23. Institute of Medicine. (2001). Crossing the quality chasm: A new healthy system for the 21st century. Washington, DC: National Academic Press.Google Scholar
  24. Letourneau, E. J., Henggeler, S. W., Borduin, C. M., Schewe, P. A., McCart, M. R., Chapman, J. E., et al. (2009). Multisystemic therapy for juvenile sexual offenders: 1-year results from a randomized effectiveness trial. Journal of Family Psychology, 23, 89–102.CrossRefGoogle Scholar
  25. Linehan, M. M., Cochran, B. N., & Kehrer, C. A. (2001). Dialectical behavior therapy for borderline personality disorder. In D. H. Barlow (Ed.), Clinical handbook of psychological disorders: A step-by-step treatment manual (3rd ed., pp. 470–522). New York, NY: Guilford Press.Google Scholar
  26. Miller, W. R., & Rollnick, S. (2012). Motivational interviewing: Helping people change. Guilford Press.Google Scholar
  27. Nowak, C., & Heinrichs, N. (2008). A comprehensive meta-analysis of Triple P-Positive Parenting Program using hierarchical linear modeling: Effectiveness and moderating variables. Clinical Child and Family Psychology Review, 11(3), 114.CrossRefGoogle Scholar
  28. Sparks, J. A., & Muro, M. L. (2009). Client-directed wraparound: The client as connector in community collaboration. Journal of Systemic Therapies, 28, 63–76.CrossRefGoogle Scholar
  29. Straus, S. E., & McAlister, F. A. (2000). Evidence-based medicine: A commentary on common criticisms. Canadian Medical Association Journal, 163(7), 837–841.Google Scholar
  30. Suter, J. C., & Bruns, E. J. (2008). A narrative review of wraparound outcome studies. Resource guide to wraparound. Portland, OR: National Wraparound Initiative, Research and Training Center for Family Support and Children’s Mental Health.Google Scholar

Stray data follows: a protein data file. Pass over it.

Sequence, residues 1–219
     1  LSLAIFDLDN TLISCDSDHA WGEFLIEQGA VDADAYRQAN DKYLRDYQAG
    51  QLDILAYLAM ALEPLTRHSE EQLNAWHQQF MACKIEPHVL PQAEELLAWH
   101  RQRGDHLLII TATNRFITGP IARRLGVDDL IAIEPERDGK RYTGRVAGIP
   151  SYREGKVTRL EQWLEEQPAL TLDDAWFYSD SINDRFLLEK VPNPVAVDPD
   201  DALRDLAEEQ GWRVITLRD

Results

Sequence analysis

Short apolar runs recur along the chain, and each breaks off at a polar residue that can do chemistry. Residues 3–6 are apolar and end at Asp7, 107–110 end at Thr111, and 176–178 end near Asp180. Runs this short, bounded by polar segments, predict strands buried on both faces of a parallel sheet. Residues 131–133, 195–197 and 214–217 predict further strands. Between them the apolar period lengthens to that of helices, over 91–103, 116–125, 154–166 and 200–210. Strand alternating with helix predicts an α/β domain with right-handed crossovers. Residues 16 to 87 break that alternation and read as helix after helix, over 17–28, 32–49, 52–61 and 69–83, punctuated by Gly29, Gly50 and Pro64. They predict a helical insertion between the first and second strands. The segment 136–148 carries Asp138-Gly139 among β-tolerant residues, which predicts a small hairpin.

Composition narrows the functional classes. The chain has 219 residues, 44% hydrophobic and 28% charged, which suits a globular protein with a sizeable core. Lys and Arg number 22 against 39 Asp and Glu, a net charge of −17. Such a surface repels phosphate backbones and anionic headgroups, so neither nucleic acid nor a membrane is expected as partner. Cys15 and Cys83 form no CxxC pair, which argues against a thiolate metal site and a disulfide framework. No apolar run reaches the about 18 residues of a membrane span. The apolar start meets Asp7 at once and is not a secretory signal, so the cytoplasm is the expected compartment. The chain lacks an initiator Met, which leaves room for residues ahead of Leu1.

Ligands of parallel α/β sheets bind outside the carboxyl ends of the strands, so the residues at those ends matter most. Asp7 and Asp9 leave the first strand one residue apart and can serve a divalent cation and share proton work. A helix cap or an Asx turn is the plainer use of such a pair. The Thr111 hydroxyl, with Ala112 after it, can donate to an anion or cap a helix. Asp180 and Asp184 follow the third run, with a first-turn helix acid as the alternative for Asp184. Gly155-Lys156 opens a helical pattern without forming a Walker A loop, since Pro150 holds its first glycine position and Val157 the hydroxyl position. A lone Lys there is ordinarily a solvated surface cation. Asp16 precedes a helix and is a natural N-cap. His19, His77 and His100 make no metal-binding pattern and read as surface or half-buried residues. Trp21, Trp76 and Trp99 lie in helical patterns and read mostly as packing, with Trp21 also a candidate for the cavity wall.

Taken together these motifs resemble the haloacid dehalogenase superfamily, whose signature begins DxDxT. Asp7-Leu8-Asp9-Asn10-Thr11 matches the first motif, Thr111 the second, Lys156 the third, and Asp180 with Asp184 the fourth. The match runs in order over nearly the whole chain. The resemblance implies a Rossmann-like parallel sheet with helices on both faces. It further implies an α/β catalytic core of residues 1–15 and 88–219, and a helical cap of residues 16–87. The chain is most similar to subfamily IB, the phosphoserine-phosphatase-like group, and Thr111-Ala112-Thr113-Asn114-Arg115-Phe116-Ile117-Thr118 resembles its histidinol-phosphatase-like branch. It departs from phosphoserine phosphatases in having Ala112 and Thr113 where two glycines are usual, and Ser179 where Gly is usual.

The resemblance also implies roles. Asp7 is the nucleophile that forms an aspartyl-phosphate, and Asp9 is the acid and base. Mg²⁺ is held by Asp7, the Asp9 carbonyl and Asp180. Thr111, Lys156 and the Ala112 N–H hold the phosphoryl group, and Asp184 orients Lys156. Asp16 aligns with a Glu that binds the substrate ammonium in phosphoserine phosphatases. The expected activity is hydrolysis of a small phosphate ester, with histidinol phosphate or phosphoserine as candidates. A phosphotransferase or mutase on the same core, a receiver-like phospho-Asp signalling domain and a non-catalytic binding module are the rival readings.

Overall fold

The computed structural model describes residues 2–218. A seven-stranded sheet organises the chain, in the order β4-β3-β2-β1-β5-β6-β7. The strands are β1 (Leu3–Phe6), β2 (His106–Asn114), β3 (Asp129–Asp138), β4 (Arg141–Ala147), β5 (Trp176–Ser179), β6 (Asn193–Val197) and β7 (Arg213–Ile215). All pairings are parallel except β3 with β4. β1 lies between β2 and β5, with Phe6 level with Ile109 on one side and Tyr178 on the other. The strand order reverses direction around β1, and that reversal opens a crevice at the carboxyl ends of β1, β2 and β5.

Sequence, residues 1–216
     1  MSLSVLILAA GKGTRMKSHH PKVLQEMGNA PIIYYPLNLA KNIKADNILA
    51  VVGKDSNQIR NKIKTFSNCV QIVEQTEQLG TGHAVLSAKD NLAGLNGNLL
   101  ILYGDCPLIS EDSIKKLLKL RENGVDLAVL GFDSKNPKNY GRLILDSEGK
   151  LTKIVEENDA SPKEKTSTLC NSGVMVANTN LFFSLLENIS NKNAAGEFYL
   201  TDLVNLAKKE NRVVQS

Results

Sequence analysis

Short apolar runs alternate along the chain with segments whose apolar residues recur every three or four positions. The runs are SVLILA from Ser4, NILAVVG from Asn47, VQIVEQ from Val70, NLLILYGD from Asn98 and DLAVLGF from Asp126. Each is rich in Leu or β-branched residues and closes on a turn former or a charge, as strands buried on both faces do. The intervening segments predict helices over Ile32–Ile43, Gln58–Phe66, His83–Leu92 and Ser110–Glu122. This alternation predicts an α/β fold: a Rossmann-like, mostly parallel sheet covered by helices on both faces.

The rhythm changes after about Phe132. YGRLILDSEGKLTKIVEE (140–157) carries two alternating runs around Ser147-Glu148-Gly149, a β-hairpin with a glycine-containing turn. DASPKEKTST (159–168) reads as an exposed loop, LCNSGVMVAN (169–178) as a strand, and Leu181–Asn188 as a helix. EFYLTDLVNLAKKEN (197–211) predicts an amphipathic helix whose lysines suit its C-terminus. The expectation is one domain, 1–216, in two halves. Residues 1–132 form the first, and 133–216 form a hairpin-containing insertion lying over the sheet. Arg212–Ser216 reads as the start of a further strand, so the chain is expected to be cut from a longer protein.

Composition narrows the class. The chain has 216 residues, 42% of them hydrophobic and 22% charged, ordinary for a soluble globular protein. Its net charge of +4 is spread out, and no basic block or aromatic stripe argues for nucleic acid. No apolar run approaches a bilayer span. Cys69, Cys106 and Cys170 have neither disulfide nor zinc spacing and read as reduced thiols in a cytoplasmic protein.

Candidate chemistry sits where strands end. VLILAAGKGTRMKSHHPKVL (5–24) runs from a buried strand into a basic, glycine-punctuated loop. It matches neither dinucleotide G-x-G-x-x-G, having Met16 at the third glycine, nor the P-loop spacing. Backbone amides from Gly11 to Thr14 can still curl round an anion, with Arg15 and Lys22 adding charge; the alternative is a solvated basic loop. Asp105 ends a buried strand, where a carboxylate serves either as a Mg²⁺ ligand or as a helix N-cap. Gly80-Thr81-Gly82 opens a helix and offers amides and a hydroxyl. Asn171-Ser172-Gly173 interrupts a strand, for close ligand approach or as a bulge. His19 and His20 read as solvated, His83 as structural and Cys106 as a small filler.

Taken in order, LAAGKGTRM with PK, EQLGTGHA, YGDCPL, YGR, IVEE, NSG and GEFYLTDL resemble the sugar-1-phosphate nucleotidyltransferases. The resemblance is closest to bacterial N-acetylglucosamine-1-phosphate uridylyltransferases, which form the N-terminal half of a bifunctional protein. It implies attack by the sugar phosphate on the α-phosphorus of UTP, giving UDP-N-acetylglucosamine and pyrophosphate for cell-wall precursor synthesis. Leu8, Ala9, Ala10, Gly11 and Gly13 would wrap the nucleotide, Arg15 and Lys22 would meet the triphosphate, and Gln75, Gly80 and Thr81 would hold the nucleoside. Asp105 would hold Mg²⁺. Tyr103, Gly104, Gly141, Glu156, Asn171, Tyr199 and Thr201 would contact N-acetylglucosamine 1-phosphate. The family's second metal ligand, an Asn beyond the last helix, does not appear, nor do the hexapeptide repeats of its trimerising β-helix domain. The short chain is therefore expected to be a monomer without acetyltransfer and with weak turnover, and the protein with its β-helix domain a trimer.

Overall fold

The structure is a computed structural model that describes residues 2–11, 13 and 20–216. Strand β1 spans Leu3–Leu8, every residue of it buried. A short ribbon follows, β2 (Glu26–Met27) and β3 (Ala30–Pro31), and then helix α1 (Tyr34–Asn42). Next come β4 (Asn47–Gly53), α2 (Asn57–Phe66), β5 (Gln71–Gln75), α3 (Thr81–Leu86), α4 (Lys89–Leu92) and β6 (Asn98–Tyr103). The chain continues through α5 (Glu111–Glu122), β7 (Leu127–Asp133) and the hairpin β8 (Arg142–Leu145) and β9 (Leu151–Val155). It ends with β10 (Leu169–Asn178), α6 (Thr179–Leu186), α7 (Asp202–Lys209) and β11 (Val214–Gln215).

31. Swenson, C. C., Schaeffer, C. M., Henggeler, S. W., Faldowski, R., & Mayhew, A. M. (2010). Multisystemic therapy for child abuse and neglect: A randomized effectiveness trial. Journal of Family Psychology, 24, 497–507.CrossRefGoogle Scholar
  32. Trupin, E. J., Kerns, S. E. U., Walker, S. C., DeRobertis, M. T., & Stewart, D. G. (2011). Family integrated transitions: A promising program for juvenile offenders with co-occurring disorders. Journal of Child & Adolescent Substance Abuse, 20(5), 421–436.CrossRefGoogle Scholar
  33. Wampold, B. (2001). The great psychotherapy debate. Mahwah, NJ: Lawrence Erlbaum.Google Scholar
  34. Wampold, B. E., & Bhati, K. S. (2004). Attending to the omissions: A historical examination of evidence-based practice movements. Professional Psychology: Research and Practice, 35, 563–570.CrossRefGoogle Scholar
  35. Webb, S. A. (2001). Some considerations on the validity of evidence-based practice in social work. British Journal of Social Work, 31(1), 57–79.CrossRefGoogle Scholar

Copyright information

© Springer Nature Switzerland AG 2019

Authors and Affiliations

  1. 1.Professor, School of Social WorkUniversity of Missouri–Kansas CityKansas CityUSA
  2. 2.Research Associate Professor, Graduate School of Social WorkUniversity of DenverDenverUSA

Personalised recommendations